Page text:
Why LinkedIn Headlines Make a Difference

Why LinkedIn Headlines Make A Difference

Why LinkedIn Headlines Make a Difference

Attracting the right attention and setting the context

“Currently unemployed”.
“Seeking opportunities at Seeking a new opportunity”
“Looking for work”.
“Multi skill employee at (insert company name)“

These are actual headlines I’ve grabbed from current LinkedIn profiles. 

The headline is the section that sits right below your name on your LinkedIn profile. Look at these headlines above and ask yourself what you think about them. Assume that these headlines belong to people you are not connected to which makes this the first time you are coming across such a profile. Think about what impressions these headlines are creating for you.

What does your headline say about you?

At the outset, let me say that there is nothing technically wrong with these headlines. They state a current situation and an important need for the account holder. What makes for a good headline can be quite subjective but we can all agree that, at its minimum, a good LinkedIn headline should do its primary job. 

So what should a good headline do?

It should raise awareness about the person in a positive, compelling way. It should drive curiosity and indicate clearly the person’s area of focus/interest. Each headline above says something about the person’s situation but it is not the best element to highlight. 

Let’s look at this in more detail.

“Currently unemployed”
This is simply a current state of affairs. Given that it is neither positive nor permanent, it should be removed. Keep your reader in mind. They are not concerned with the fact that you’re out of work.

Your reader is far more interested in understanding the skills and experience you bring to the job. Your reader wants to know the type of work you seek.

“Seeking opportunities at Seeking a new opportunity” and “Looking for work”.

All of us are seeking opportunities, even those in full-time roles. Again, your reader is better served if you provide clarity about your experience, skills and interests.

Remember that the headline is powerfully positioned at the top of your profile. Use that to your advantage. Rather than talk about the fact that you’re looking for work, find a way to incorporate in the headline the kind of work you seek and why.

“Multi skill employee at (insert company name)“

Again, you’ve gotten your reader’s attention and instead of delving straight into something that positions you strongly, you choose to waffle. With limited space in the headline,  inserting the company name is unnecessary.

Think about your headline much like how online stores think about their customers. These stores want to reduce friction. This may be delays and inconveniences in the customer experience that cause them to abandon their shopping journey before they complete a purchase. This friction costs businesses billions of dollars in e-commerce opportunities every year.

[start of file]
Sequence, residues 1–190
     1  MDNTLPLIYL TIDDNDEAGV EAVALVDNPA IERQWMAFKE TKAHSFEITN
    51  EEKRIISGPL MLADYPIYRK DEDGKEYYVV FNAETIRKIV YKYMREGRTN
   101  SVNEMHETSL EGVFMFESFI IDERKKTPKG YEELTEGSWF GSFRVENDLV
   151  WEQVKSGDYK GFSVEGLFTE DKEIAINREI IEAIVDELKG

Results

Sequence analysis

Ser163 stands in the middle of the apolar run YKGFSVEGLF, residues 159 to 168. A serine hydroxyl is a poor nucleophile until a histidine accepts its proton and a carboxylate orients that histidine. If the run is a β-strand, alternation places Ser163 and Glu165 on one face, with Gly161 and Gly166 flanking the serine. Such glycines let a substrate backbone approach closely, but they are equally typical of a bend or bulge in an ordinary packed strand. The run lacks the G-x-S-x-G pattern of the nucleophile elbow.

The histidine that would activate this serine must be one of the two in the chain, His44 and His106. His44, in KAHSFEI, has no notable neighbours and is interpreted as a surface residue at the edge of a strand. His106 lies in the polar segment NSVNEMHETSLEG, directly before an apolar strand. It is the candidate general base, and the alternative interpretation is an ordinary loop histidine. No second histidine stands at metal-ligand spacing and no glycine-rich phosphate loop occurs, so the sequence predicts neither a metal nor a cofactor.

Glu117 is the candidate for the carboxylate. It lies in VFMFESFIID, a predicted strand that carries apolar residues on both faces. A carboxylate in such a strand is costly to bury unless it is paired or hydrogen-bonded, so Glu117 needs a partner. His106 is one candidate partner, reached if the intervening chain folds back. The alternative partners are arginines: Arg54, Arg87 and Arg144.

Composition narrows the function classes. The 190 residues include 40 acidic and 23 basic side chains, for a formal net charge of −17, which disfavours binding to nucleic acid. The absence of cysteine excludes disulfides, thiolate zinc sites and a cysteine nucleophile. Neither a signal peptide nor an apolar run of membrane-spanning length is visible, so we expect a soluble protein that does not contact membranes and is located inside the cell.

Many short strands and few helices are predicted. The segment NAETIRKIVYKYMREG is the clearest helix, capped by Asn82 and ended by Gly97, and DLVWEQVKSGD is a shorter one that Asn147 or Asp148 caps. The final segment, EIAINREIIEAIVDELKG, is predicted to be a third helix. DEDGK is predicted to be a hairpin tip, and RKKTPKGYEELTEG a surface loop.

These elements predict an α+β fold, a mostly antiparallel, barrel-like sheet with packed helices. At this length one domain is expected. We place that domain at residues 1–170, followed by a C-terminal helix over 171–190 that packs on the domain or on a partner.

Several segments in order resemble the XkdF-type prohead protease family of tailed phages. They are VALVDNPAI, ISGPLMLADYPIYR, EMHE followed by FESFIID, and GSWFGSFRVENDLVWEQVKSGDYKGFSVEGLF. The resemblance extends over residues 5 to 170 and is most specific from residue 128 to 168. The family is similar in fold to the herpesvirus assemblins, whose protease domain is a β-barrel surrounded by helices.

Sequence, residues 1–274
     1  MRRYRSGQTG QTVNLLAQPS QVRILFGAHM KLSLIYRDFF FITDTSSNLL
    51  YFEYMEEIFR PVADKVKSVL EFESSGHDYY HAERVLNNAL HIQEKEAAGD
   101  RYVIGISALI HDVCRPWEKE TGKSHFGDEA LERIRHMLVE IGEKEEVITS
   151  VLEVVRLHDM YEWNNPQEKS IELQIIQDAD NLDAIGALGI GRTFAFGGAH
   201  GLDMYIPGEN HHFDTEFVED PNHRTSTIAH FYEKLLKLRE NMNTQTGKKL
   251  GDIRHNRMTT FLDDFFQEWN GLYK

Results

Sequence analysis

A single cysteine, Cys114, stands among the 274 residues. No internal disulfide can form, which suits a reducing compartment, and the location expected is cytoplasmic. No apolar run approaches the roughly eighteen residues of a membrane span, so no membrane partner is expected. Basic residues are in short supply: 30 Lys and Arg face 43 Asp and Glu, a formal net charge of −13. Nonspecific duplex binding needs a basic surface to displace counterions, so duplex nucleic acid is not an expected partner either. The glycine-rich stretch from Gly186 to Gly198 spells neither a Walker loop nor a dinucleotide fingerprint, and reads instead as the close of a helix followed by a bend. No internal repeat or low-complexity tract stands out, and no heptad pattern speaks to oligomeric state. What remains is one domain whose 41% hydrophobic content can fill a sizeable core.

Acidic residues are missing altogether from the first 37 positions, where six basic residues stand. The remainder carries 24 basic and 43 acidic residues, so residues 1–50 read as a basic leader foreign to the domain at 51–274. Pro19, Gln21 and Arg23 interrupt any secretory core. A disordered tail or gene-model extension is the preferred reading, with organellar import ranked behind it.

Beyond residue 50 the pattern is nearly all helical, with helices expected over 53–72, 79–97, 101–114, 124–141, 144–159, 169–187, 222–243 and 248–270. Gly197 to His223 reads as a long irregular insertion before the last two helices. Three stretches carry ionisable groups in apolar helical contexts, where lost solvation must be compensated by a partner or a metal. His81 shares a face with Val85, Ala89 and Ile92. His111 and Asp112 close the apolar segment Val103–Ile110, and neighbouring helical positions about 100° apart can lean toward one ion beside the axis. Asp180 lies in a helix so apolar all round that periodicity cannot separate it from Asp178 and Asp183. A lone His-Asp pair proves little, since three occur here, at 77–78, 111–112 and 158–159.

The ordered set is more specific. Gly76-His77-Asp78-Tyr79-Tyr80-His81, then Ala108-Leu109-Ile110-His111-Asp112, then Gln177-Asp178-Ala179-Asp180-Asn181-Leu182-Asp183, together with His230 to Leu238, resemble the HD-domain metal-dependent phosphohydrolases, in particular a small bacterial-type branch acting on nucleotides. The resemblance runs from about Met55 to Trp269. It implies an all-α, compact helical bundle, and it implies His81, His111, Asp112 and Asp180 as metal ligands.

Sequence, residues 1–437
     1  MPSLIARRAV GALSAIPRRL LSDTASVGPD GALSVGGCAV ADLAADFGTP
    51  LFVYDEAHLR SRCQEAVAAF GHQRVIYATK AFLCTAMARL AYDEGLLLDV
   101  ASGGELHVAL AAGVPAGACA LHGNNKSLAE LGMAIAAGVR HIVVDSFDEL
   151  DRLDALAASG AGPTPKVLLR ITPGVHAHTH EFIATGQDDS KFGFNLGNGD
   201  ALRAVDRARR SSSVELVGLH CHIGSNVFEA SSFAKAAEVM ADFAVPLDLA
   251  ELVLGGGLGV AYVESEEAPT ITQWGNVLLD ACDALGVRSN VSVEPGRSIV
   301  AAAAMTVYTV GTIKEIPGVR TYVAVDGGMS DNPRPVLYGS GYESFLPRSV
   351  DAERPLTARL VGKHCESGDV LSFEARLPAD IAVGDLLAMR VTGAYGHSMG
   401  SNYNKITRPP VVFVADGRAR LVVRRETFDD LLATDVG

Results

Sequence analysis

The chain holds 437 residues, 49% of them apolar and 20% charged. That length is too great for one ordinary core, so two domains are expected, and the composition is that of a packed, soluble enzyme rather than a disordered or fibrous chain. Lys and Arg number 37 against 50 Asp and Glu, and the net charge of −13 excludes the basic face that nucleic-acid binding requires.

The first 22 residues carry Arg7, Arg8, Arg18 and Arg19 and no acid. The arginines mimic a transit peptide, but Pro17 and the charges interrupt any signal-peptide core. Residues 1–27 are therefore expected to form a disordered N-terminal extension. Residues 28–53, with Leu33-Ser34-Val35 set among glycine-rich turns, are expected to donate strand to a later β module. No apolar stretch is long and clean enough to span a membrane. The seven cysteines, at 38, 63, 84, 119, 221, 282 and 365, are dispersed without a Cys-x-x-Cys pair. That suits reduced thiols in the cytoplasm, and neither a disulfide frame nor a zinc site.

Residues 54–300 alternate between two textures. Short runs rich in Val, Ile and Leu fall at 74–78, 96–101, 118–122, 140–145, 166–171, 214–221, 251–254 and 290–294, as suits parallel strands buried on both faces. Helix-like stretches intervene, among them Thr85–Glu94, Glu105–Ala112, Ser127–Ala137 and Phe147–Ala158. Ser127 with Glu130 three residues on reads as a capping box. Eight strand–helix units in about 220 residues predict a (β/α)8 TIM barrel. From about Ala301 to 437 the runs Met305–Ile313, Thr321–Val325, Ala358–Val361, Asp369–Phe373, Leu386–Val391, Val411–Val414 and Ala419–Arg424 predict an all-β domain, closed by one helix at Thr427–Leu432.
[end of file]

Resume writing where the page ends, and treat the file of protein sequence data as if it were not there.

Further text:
One way to avoid friction is to map out the customer journey and understand where common drop-offs occur. One example is to reduce the number of clicks in the digital shopping experience.

Now apply this to your LinkedIn profile. 

Readers can come from anywhere and include people who might be interested in you or your company. Readers can also include people who chance upon your profile because of what is captured in your profile or your posts.

Readers may include managers and peers in your company across location, industry competitors who search for people by company, hiring managers and recruiters, people searching for specific things and come across you based on location, keyword or other criteria.

Minimise friction

Your goal is to ensure that your profile is always in a ready state and able to position you strongly.

Besides a clear and smooth flow of information, you want to reduce the possibility of friction too. In this context, friction creates confusion, uncertainty or even a bad impression. Once this sets in, it becomes difficult to undo the damage. 

In your profile, friction can arise in a number of ways:

1.Information mismatch
For example, you might say something in your headline that contradicts your work experience. Or you may highlight a skill in your About section that you fail to refer to in your Experience section (a skill that may not be immediately apparent from the role itself).

This can create confusion or disbelief which seeps into the impression created when the reader views other sections of your profile.

2.Incomplete information
Your reader gets a sense of you based on what’s presented (and also, what is not presented). Remember that the reader will not assume things in your favour.

For example, not using the About section to tell your story leaves the reader to pick up what they can from the Experience section. This is less than ideal when, for example, your Experience is merely listing your job title and company name.